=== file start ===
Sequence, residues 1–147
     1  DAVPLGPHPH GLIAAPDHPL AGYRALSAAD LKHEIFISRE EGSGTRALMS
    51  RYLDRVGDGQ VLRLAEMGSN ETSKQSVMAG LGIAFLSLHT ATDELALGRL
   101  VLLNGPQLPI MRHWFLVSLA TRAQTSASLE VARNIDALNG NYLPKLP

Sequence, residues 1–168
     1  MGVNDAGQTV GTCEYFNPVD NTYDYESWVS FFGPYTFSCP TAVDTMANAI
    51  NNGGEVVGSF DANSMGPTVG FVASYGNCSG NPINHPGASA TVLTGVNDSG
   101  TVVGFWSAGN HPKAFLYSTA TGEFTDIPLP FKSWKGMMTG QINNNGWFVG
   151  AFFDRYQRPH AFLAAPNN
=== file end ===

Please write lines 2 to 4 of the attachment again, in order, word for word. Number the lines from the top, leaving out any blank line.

     1  DAVPLGPHPH GLIAAPDHPL AGYRALSAAD LKHEIFISRE EGSGTRALMS
    51  RYLDRVGDGQ VLRLAEMGSN ETSKQSVMAG LGIAFLSLHT ATDELALGRL
   101  VLLNGPQLPI MRHWFLVSLA TRAQTSASLE VARNIDALNG NYLPKLP